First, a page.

Is My Musically Gifted Child Ready for Lessons?

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Answered by: Lindsay, An Expert in the Nurturing Talents Category
We've probably all seen them on YouTube at one time or another... those adorable mini maestros sitting confidently on the bench with their little fingers flying effortlessly across the black and white keys in front of them. Their performances invariably leave us with our jaws on the ground and our minds wondering, "Could my little Johnny (or Jessica) ever play like that?"

Is My Child Naturally Musically Gifted?

Children are naturally gifted in any number of unique ways. For example, they may have a bent towards mechanical workings, athletic achievements or artistic expressions. If you are seeking to determine the existence of a natural inclination that your child may have towards music, watch for indicators such as:

• A persistent interest in listening to music

• Moving in rhythm with songs and sounds

• Singing/Humming on pitch with melodies (and noticing when others aren't!)

• Requests for music lessons

If you believe your child to have these indicators of musical responsiveness, it may be time for you to find a teacher who can provide proper training to ensure the growth and development of those natural gifts.

Piano Lessons: The First Step Into the World of Music

A great entry point into the world of music is learning to play the piano. Not only is the piano an easy instrument for little hands to have the size and strength to be able to play, but it does not require strong breath support (like a wind instrument does), exact finger placement (like a stringed instrument would), or physical height (like a percussion instrument may). As such, the piano sounds good from the first press of a key, and this 'instant gratification' is often a motivating factor for a child.

In addition, the basic elements of note reading, rhythm, pitch recognition, and hand-eye coordination developed by playing the piano, can be directly transferred to any other instrument later on.

Is My Child Ready for Piano Lessons?

This is a very common question from parents who realize the importance of developing their naturally musically gifted child's love of music at a very early age. To gauge their 'readiness' for piano lessons, consider these three key factors:

1.     Are YOU willing to participate in the process?

Arguably the most important factor in a young child's readiness for piano lessons, is the parents' level of willingness to be engaged with the learning process. Parents will often need to coach their child in developing appropriate habits at home (i.e. listening, rehearsing, completing projects, etc.), in order for the in-class experience to be positive and productive. If this is not possible or will not be made a priority at this time, right now may not be a good time to put your child into lessons.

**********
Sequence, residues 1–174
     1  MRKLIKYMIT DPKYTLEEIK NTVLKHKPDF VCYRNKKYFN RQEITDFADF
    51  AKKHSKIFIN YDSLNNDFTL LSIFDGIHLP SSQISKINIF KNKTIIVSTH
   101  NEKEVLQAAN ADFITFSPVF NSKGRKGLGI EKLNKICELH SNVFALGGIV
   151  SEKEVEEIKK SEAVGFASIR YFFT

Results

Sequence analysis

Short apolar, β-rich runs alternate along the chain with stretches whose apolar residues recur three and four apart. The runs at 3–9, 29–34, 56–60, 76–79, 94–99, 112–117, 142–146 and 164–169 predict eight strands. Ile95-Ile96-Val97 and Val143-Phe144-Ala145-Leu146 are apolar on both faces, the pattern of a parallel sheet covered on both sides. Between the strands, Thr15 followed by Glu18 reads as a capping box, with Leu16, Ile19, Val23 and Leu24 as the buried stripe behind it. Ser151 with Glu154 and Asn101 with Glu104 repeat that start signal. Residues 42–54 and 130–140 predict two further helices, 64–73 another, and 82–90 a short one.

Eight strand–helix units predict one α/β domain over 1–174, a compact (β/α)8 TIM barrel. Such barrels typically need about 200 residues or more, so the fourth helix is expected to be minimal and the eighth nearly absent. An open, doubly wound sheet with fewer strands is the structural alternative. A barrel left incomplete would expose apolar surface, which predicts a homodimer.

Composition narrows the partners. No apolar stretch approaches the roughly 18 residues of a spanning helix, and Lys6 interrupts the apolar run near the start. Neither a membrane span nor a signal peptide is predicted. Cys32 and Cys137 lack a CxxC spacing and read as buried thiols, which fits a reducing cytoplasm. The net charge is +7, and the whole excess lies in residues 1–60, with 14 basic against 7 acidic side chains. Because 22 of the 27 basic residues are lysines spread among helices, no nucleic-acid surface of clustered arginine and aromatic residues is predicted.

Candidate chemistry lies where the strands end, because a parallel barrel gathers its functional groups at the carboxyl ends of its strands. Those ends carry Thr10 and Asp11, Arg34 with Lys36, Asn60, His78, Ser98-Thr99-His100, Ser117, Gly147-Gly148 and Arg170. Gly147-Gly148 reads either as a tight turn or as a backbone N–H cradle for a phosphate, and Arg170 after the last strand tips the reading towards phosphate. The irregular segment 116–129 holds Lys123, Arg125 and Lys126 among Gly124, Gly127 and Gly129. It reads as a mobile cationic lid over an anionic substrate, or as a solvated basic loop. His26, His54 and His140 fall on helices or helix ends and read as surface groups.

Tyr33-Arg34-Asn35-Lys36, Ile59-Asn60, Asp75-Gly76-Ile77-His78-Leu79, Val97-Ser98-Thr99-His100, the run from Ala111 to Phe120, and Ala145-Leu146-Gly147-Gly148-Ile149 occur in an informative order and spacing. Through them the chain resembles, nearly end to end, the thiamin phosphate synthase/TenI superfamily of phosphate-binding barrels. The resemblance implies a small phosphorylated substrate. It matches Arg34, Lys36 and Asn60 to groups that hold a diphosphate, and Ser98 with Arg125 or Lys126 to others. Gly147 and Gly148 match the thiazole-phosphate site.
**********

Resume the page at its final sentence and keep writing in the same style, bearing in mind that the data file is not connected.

2.     Is your child's attention span adequate?

Can your child actively engage in learning for 30 minutes or more? Piano lessons are generally scheduled once a week for 30-60 minutes, and depending on the teaching style of the piano teacher, this may mean that little Johnny or Jessica will need to be seated for that amount of time. In order for the teacher to supply your child with the instruction necessary, it will be important that an adequate attention span has developed.

3.     Has your child mastered the necessary social behaviors?

Is your child likely to exercise their ability to willingly agree to comply with simple instructions? It is important that your child is capable of following directions, managing their emotions and behaving appropriately when around others, whether small groups of peers, or one-on-one with the teacher. A disruptive or emotionally volatile environment is not conducive to a positive learning experience.

How Long Will The Learning Process Take?

Just as a flower, if forced open too soon, will wilt and fail to blossom, so it often is with a naturally talented child who is too rushed or too pressured to perform too soon. Be patient with the process, and be sure to keep an honest and ongoing line of communication open with your child's piano teacher. If you sense that your child's progress is stalling or moving excessively slowly, be intentional about asking questions and making appropriate adjustments.

Although the musically gifted children on YouTube are a wonder, what these viral videos rarely reveal are the hours spent practicing, the financial and emotional investments of the child's parents, and the ongoing piano lessons that cultivated that gift in order to bring it to fruition.

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